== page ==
Physical activity can help you:
- Burn calories and reduce body fat
- Reduce your appetite
- Keep your current weight and control it
The number of calories burned during physical activity depends on:
- The amount of time you spend on physical activity: For example, walking for 45 minutes will burn more calories than walking for 20 minutes.
- Your body weight: For example, a 250-pound person will burn more calories walking for 30 minutes than a 185-pound person.
- Pace: For example, walking 3 miles per hour will burn more calories than walking 1.5 miles per hour.
Your basal metabolic rate (BMR) is the number of calories your body uses when it is at rest. BMR accounts for most of your calorie use. Your basal metabolic rate is based on things your body always does such as breathing, breaking down food, and keeping your heart and brain working. Your age, sex, body weight, and level of physical activity affect the basal metabolic rate. Basal metabolic rate increases with the amount of muscle tissue you have, and it reduces with age.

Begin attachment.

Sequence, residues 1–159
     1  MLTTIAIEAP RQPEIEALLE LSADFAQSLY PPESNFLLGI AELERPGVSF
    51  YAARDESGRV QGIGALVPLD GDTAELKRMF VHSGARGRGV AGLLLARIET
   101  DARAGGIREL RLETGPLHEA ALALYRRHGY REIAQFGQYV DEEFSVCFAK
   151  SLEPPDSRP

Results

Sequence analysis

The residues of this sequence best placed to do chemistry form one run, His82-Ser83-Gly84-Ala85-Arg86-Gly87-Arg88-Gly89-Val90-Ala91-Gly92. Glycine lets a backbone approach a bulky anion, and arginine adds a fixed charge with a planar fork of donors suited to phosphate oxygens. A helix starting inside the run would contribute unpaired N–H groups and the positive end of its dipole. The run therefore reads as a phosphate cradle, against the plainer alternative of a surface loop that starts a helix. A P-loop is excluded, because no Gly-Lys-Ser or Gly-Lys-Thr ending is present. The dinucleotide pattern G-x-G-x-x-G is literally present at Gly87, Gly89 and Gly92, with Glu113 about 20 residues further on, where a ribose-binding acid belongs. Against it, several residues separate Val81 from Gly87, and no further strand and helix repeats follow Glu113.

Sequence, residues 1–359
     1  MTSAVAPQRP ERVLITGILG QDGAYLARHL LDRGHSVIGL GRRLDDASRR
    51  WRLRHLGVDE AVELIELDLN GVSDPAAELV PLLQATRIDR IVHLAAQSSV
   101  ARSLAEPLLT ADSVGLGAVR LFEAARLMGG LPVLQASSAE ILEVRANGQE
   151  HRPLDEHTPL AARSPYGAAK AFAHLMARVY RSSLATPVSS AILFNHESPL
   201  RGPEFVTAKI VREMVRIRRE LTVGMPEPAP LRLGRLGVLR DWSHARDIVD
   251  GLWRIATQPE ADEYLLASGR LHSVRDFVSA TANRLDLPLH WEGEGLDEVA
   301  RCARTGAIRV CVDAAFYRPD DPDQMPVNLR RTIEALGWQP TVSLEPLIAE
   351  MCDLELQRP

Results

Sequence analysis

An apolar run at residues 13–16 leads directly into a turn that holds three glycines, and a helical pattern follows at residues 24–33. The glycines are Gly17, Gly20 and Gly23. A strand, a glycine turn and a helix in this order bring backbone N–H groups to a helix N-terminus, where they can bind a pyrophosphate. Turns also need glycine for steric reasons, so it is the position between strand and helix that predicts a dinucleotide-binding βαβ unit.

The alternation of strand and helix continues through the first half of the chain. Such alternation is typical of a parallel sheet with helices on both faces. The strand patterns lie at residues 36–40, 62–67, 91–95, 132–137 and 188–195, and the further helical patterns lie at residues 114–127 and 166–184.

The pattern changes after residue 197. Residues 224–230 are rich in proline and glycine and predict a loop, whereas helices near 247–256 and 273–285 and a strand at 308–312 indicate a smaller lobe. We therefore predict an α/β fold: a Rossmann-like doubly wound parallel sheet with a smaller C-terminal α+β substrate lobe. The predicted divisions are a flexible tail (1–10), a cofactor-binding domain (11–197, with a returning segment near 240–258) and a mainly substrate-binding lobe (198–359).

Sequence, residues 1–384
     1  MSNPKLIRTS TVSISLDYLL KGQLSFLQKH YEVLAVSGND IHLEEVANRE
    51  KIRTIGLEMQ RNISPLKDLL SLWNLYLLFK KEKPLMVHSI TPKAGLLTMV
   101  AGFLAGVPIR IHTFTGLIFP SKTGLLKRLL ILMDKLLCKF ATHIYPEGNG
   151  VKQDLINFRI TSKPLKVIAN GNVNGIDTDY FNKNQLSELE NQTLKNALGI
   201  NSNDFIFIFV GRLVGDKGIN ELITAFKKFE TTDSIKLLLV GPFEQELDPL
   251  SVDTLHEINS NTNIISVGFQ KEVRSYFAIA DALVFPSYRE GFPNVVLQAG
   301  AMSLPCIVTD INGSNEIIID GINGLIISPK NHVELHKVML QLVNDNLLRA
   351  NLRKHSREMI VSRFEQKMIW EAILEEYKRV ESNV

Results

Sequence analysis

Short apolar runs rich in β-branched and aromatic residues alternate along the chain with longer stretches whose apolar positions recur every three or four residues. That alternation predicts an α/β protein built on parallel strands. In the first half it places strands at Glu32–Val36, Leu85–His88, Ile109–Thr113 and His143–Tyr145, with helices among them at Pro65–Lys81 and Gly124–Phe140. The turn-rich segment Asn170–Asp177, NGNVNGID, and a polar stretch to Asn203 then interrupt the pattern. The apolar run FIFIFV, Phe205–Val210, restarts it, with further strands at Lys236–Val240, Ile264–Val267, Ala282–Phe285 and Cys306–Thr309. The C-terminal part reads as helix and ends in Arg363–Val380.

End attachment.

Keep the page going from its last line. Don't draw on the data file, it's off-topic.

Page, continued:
Along with burning more calories, physical activity increases the BMR, and the BMR can remain increased after 30 minutes of moderate physical activity. For many people, the basal metabolic rate can be increased for approximately 48 hours after the activity. This means, for example, that after the physical activity, when a person is sitting and watching television, the body is using more calories than usual.
EFFECT ON APPETITE